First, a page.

When I first got started with Bandolier, I thought the bulk of the value would be in the security checks of the control system application itself. Getting to this information involves digging into how the app works, identifying the most secure configuration, and finally writing the appropriate compliance check. What I’ve found, however, is that there is a lot of value in something much simpler — identifying operating system best practices tailored to work specifically with the application in question.
Best practices are often compiled for such broad (or narrow, depending on your perspective) applicability that trying to mold them to work with a complex control system can be a difficult task. Add to that vendor support issues and the fear of breaking critical processing and best practice gets ignored in favor of a default configuration that works. Simply put, there is sometimes a gap between “industry best practice” and what works with a particular application. The Bandolier compliance checks are not a silver bullet for these problems, but they certainly will help by identifying a more secure configuration and providing a way to audit it.
Let’s look at a real-world example of how we can use information from the application to dictate the reporting about OS level issues. For many of the applications that we have looked at, the server type is defined in a configuration file. We are able to read those value(s) and determine what checks to run that may be different between server types. Here’s a simplified code snippet from an audit file that highlights this point:
# Check if this is a Historian by looking at the ServerType configuration file
<condition type: “and”>
description: “Test for HIS in configuration file”
# Report the server type
description: “BANDOLIER Application Checks: (INFORMATION) This appears to be an HIS server.”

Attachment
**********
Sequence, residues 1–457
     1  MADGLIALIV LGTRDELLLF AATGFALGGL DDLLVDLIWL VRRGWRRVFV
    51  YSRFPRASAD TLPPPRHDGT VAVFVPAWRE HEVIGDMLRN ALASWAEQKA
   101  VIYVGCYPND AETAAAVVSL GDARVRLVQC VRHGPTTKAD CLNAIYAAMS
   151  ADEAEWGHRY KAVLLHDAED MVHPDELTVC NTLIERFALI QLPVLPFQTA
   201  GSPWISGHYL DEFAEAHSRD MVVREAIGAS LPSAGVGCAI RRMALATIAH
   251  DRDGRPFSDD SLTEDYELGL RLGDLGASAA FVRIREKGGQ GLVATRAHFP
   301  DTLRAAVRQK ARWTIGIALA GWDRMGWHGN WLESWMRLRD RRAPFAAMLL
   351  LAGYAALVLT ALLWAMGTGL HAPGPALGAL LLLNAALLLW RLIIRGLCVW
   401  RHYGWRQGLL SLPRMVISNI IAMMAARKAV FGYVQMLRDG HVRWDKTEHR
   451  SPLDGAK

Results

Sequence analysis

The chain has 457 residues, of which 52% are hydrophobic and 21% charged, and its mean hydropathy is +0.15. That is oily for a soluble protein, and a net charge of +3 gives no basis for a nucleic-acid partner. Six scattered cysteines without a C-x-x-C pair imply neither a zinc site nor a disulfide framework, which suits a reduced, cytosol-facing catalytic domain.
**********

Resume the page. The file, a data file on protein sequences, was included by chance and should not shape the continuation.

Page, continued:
# Verify that smb is not running
type : PROCESS_CHECK
description : “BANDOLIER Application Checks: SMB is not required for operation of the HIS server. This check verifies that it is not running.”
name : “smb”
status : OFF
# Verify that the crond service is enabled
description: “BANDOLIER Application Checks: The crond service is required for proper operation of the HIS server. This check verifies that it is enabled.”
# Verify that the tcp_max_syn_backlog kernel parameter is set appropriately for the HIS server
type : FILE_CONTENT_CHECK
description : “BANDOLIER Application Checks: This check examines the tcp_max_syn_backlog setting in /etc/sysctl.conf”
file : “/etc/sysctl.conf”
expect : “net.ipv4.tcp_max_syn_backlog.*”
regex : “net.ipv4.tcp_max_syn_backlog.*=.*4096″
Even if we never got into application-specific settings, the results from this type of auditing are very meaningful compared to a generic industry standard such as those available from the Center for Internet Security. Those are great benchmarks and certainly serve a purpose but there is something to be said for knowing that the recommended configuration has been tested with the cooperation of the respective application vendors.
Don’t worry, we’re still diving into the juicy details of the control system applications themselves and will be auditing settings there. And we’ll also be doing baseline OS checks that are more global in nature. I just couldn’t help sharing this bit of enlightenment about the “tailored OS checks” I encountered along the way.